A French governess and the tutor of her brothers educated her. Closely supervised neither of her father, who was known for his many women affairs nor of their sick mother, she developed despite its traditional upbringing and her family background to a young woman who is very much in their self-confidence and their physical appearance different from their more moderately educated counterparts.
On March 9, 1874, Langtry married after reluctant approval by her parents, the Irish landowner and merchant Edward Langtry. She joked later in her life that one day a wonderful yacht cruised into the harbour; she had met the owner and fell in love with the yacht. To become the mistress of the yacht, she married Edward Langtry. Langtry was disheartened very quickly in their marriage. Edward Langtry was less wealthy than she had guessed, and they did not spend their time in London, as his wife had hoped, but partly in Jersey, partly on Edward Langtry's yacht, and partly in their house on the Southampton Waterfront, In April 1879, Lillie began an affair with Louis Alexander of Battenberg, although at that time she still had a relationship with an old friend, Arthur Clarence Jones. In June 1880, she became pregnant. Her husband could not be the father, and Prince Louis believed that the child was his. Lillie received money from the Prince of Wales and withdrew in Paris with Arthur Jones. Here on 8 March 1881 her daughter, Jeanne Marie, was born.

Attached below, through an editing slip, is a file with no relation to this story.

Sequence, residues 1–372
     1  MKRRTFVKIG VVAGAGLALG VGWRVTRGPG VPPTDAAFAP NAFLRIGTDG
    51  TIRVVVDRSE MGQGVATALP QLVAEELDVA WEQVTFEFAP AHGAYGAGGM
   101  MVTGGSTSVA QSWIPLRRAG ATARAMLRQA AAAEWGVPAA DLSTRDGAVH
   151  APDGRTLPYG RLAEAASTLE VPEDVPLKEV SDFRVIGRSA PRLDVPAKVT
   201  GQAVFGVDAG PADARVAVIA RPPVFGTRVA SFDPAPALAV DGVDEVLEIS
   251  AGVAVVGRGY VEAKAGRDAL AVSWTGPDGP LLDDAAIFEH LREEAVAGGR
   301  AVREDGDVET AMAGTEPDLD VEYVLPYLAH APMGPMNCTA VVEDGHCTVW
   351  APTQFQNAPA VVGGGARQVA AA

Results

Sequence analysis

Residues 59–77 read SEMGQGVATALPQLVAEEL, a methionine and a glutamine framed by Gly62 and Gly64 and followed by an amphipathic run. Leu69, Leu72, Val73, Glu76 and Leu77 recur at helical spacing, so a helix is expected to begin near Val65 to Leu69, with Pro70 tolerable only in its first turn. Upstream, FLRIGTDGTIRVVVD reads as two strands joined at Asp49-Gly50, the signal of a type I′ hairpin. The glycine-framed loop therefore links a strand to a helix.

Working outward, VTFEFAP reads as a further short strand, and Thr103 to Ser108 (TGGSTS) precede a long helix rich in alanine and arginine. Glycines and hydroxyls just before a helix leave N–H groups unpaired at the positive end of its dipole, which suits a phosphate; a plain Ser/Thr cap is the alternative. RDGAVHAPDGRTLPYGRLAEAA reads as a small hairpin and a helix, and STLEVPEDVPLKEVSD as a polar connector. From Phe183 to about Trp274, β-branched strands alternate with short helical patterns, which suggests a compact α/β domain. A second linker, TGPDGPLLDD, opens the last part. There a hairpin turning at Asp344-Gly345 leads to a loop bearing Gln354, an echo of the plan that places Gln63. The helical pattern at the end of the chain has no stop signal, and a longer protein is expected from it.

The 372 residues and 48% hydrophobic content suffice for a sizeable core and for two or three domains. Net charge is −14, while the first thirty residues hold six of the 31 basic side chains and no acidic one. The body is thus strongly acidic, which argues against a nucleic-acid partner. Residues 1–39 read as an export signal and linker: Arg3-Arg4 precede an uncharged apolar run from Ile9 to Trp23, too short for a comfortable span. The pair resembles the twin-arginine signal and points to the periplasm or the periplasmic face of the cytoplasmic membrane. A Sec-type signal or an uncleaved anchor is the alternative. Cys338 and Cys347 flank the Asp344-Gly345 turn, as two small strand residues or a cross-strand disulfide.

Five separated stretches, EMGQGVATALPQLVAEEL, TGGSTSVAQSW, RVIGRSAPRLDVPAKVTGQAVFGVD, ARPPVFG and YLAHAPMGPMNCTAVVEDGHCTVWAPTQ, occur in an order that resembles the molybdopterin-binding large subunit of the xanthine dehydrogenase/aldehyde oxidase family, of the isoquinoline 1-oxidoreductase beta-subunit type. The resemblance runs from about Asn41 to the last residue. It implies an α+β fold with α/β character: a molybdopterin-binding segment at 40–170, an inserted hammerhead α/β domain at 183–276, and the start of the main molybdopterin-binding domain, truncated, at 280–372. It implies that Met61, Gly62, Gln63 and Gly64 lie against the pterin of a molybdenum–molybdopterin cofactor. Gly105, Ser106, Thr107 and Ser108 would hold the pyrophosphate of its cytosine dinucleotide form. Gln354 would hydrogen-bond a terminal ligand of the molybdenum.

On Dec 1881, "Jersey Lily," as her nickname, debuted at the Theater Royal Haymarket with the play She Stoops to Conquer by Oliver Goldsmith. The audience came to see the mistress of the prince, and so began her career. With her natural beauty, charm, and talent, she dominated society. In the fall of 1882, she went on a tour of America; with the pieces as you like it and the theatre critics passionately celebrated The Lady of Lyons. Artists such as Sir John Everett Millais and George Frank Miles painted them, and Oscar Wilde (1854-1900) lay at her feet and later helped her in her theatrical career.Hairstyles, dresses and bathing articles were named after her, and advertising earned her extra money. In America, she ran a vineyard, a winery, and a stud farm. She was the first woman in a jockey club, with a little trick of course. She created a male name under which her horses ran. In the United States, she divorced from her husband in 1897 and married a year later in California Sir Hugo de Bathe and became Lady de Bathe. In 1929, Lillie died in Monte Carlo; her urn was buried in the family grave in the cemetery of St. Savior on the Channel Island of Jersey.